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Download and Run Karamel

A Hadoop Cluster on Amazon EC2

You will need to have an account on Amazon Web Services. You should have an account-key (id), and an account secret-key (password). The secret-key is very long - 20 characters.

You should then open a Cluster Definition YAML file. The Cluster Definition file defines the machines you are going to create and the software that will be installed. Here is an example of an Apache Hadoop cluster - the hadoop.yml file. It can be found in the "examples" directory included in the Karamel download. Here is what the YAML file looks like:

name: ApacheHadoop
    type: m3.medium
    region: eu-west-1

    github: "hopshadoop/apache-hadoop-chef"
    branch: "master"

    version: 2.7.1
    size: 1
        - hadoop::nn
        - hadoop::rm
        - hadoop::jhs
    size: 2
        - hadoop::dn
        - hadoop::nm

Launching Clusters from the command-line in Linux/Mac

You can either set environment variables containing your EC2 credentials or enter them from the console. We recommend you set the environment variables, as shown below.

export AWS_KEY=...
export AWS_SECRET_KEY=...
./bin/karamel -launch examples/hadoop.yml

After you launch a cluster from the command-line, the client loops, printing out to stdout the status of the install DAG of Chef recipes every 20 seconds or so. Both the GUI and command-line launchers print out stdout and stderr to log files that can be found from the current working directory in:

tail -f log/karamel.log

How to write a cluster yaml?

We define each cluster in a yaml format like the Hadoop example given here. Each cluster is identified by a name which has to be unique in the scope of the Karamel runtime. Cluster yaml supports two level scopes, global-scope and group-scope. All the settings in the global-scope can be overridden inside the groups. Main building blocks of yaml file is provider, cookbooks, attrs and groups. 

1. Provider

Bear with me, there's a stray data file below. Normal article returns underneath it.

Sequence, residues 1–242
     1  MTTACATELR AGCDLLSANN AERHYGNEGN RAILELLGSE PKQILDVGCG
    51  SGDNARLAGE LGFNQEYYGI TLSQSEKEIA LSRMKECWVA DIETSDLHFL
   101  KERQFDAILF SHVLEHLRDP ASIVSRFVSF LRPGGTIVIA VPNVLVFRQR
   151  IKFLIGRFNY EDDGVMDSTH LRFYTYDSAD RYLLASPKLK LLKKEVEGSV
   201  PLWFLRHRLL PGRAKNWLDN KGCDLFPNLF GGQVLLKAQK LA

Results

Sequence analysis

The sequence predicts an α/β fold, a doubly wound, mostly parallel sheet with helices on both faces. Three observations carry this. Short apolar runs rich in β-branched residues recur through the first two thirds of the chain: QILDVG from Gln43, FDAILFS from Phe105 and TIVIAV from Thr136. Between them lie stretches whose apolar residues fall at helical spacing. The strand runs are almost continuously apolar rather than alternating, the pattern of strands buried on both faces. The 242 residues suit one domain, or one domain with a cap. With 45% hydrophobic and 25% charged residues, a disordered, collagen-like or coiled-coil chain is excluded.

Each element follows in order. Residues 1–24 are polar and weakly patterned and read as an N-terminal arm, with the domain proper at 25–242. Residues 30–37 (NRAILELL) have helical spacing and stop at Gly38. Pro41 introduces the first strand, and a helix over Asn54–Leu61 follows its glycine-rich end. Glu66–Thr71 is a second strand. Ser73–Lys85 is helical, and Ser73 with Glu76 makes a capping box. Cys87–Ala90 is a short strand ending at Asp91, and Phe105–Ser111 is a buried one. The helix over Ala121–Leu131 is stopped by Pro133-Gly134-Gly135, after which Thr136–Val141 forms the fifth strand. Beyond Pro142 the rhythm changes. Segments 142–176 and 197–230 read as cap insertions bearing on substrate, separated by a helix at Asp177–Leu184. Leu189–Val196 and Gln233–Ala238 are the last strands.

We preferred not to use provider keyword instead user must directly specify type of the provider such as "ec2", "baremetal" or "vagrant". For the moment only ec2 is functional and the rest will be available soon. In ec2 block user can choose either type of the image and region or an AMI image. 

2. Cookbooks

In cookbooks section, the github address for all used cookbooks has to be defined. By default Karamel will take the master branch for each cookbook unless otherwise is specified in branch or alternatively a specific version of the cookbook can be referred to. 

3. Attributes

Attributes are configuration parameters that each cookbook uses in the "attributes/default.rb" file . Only those attributes that are expressed in the metadata.rb file are public and user can set the value for them, hence, Karamel won't accept any attribute that is not specified in the metadata.rb . Attributes come under the attrs section, this section follows the same hierarchical structure as in the kitchen.yml file. 

4. Groups

Group is a set of machines running the same stack of software/services. User must define the size that is number of machines in the group, recipes which is list of all the recipes that needs to be install on all machines in this group, and in the case you want to have new/specific configuration for provider or attributes just follow the same structure in the above mentioned sections of the global-scope. 

Karamelize a cookbook

Take following steps to make your cookbook readable and executable by Karamel.
  1. Deploy your cookbook into a public github repository.
  2. Karamel assumes that each cookbook has install and default recipes. By default all the recipes of each cookbook are locally dependent on the install recipe, so your cookbook must contain the install recipe.
  3. Define all the public recipes and attributes in the metadata.rb file, only those are visible to Karamel system. To improve user experience, write a description for recipe and display_name, description, type (data-type) and a default value for attributes to be displayed in Karamel GUI. 
  4. Create the Karamelfile at the root level of each cookbook, it holds the cluster-wide and recipe to recipe decencies. Karamelfile is the source of information for ordering and orchestration in Karamel, therefore, when you are defining dependencies in the Karamelfile you specifying precedence of your recipes among all other recipes in the cluster. When there is a/some prerequisite dependency(yes) for a particular recipe you must mention them in the Karamelfile. Below is a sample example of Karamelfile, local dependencies means this recipe just waits until the dependent recipe is finished on the current machine, but global dependencies means this recipe on every machine waits for the all the dependent machines in the cluster to be run first. 
  - recipe: ndb::ndbd
      - ndb::mgmd
  - recipe: ndb::mysqld
      - ndb::mgmd
      - ndb::ndbd
  - recipe: ndb::memcached
      - ndb::mgmd
      - ndb::ndbd
      - ndb::mysqld